Combining axe-core and PA11Y

Last week, I was looking at automated accessibility tools, and I published a comparison between axe-core and PA11Y.

The conclusion was that we shouldn’t use one over the other because they both find different things. So, I set about trying to find an elegant way to use both.

I’ve always ran axe-core using Selenium and ChromeDriver. But this can be flakey as every time you update Chrome, your tests no longer work. Even if I’m using a version manager to switch between NodeJS versions, I still hit the issue of mismatched ChromeDriver and Chrome Browser versions.

PA11Y comes neatly packaged with a headless Chrome browser using Puppeteer, so you don’t need to setup Selenium. This makes running it in test suites like Mocha much more lightweight in terms of setup.

When I ran the tests for the initial comparison, it was using Selenium for axe-core and PA11Y’s own headless Chrome browser together. This was fine for what I was trying to do, but it made the tests slow, and in a real project it would be super inefficient.

So, my initial thoughts were to decouple PA11Y from it’s headless browser, and run it as part of the Selenium tests, rather than booting up 2 separate browser instances which would add seconds onto each test they could just both hit the same page when it was open.

However, on closer inspection, it turns out that using both is actually far simpler than I anticipated. PA11Y has the ability to use different ‘runners’ or plugins. So, using axe-core and PA11Y together is as simple as passing in the runners in as an option.

The default runner for PA11Y is HTMLCS, or HTML Code Sniffer. When you use the PA11Y API in your tests, this is the runner it will use if you give it no additional information. For example:

pa11y('http://localhost:3000')

You can see that this is the default runner, because if any issues are returned then the runner attribute will list HTMLCS. For example:

{
  "code": "WCAG2AA.Principle4.Guideline4_1.4_1_2.H91.A.NoContent",
  "type": "error",
  "typeCode": 1,
  "message": "Anchor element found with a valid href attribute, but no link content has been supplied.",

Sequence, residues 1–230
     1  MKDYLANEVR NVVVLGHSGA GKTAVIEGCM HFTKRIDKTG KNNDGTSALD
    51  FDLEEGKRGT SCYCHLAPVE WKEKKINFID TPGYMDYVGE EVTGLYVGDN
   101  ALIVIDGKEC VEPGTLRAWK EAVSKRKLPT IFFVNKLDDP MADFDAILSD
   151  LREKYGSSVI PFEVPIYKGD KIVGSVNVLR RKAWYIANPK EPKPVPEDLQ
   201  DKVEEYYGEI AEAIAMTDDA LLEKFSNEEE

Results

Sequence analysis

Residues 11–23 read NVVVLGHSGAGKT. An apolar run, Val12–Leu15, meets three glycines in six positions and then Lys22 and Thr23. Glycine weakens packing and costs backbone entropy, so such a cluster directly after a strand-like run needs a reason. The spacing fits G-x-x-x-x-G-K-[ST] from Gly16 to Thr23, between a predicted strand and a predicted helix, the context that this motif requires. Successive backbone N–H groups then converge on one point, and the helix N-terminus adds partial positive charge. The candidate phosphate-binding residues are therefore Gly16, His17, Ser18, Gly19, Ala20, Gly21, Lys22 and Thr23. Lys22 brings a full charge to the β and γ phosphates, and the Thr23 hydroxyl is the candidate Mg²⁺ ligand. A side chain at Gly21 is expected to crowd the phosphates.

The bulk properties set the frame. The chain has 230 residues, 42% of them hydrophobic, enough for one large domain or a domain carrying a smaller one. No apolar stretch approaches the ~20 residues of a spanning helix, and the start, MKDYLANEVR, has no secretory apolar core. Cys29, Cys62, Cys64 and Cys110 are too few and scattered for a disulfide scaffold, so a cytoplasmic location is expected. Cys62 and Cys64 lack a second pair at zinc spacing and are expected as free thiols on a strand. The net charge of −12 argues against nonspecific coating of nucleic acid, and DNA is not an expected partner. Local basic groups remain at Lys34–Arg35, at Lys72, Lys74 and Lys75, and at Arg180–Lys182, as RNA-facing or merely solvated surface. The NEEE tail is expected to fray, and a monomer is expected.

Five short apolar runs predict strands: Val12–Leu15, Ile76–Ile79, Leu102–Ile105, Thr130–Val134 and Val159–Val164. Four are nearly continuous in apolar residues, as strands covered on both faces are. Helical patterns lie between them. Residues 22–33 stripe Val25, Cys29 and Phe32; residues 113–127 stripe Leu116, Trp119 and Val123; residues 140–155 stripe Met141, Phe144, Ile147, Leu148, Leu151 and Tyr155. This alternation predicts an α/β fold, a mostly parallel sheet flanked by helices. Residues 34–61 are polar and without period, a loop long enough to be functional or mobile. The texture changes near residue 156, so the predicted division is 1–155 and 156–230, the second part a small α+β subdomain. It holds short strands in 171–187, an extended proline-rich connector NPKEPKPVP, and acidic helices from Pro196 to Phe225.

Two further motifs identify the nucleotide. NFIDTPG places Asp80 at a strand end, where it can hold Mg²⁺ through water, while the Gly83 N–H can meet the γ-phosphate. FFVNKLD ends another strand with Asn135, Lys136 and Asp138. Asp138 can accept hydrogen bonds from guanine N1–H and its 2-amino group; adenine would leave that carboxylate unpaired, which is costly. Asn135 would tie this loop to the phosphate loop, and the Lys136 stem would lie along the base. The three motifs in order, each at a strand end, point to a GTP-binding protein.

"context": "<a href=\"http://www.google.com\"></a>",
  "selector": "html > body > main > a",
  "runner": "htmlcs", // This attribute shows that HTMLCS found the issue
  "runnerExtras": {}
}

To run axe-core at the same time as HTMLCS, you simply need to tell PA11Y to do that. We pass in an options object and we give it an array of which runners we want to use. HTMLCS is the default runner, but if we’re overriding the default then we still need to tell PA11Y to use it. For example:

pa11y('http://localhost:3000'. { runners: ['htmlcs', 'axe'] })

Now when we check our output, we can see that both HTMLCS and axe-core found issues on the page.

[
  {
    "code": "link-name",
    "type": "error",
    "typeCode": 1,
    "message": "Links must have discernible text (https://dequeuniversity.com/rules/axe/4.3/link-name?application=axeAPI)",
    "context": "<a href=\"http://www.google.com\"></a>",
    "selector": "html > body > main > a",
    "runner": "axe", // Shows Axe as the runner which found the issue
    "runnerExtras": {
      "description": "Ensures links have discernible text",
      "impact": "serious",
      "help": "Links must have discernible text",
      "helpUrl": "https://dequeuniversity.com/rules/axe/4.3/link-name?application=axeAPI"
    }
  },
  {
    "code": "WCAG2AA.Principle4.Guideline4_1.4_1_2.H91.A.NoContent",
    "type": "error",
    "typeCode": 1,
    "message": "Anchor element found with a valid href attribute, but no link content has been supplied.",
    "context": "<a href=\"http://www.google.com\"></a>",
    "selector": "html > body > main > a",
    "runner": "htmlcs", // Shows HTMLCS as the runner which found the issue
    "runnerExtras": {}
  }
]

So, I stand by my original conclusion, that we should use both PA11Y and axe-core. But it looks like the implementation of using both is actually so easy that you’d be a fool not to.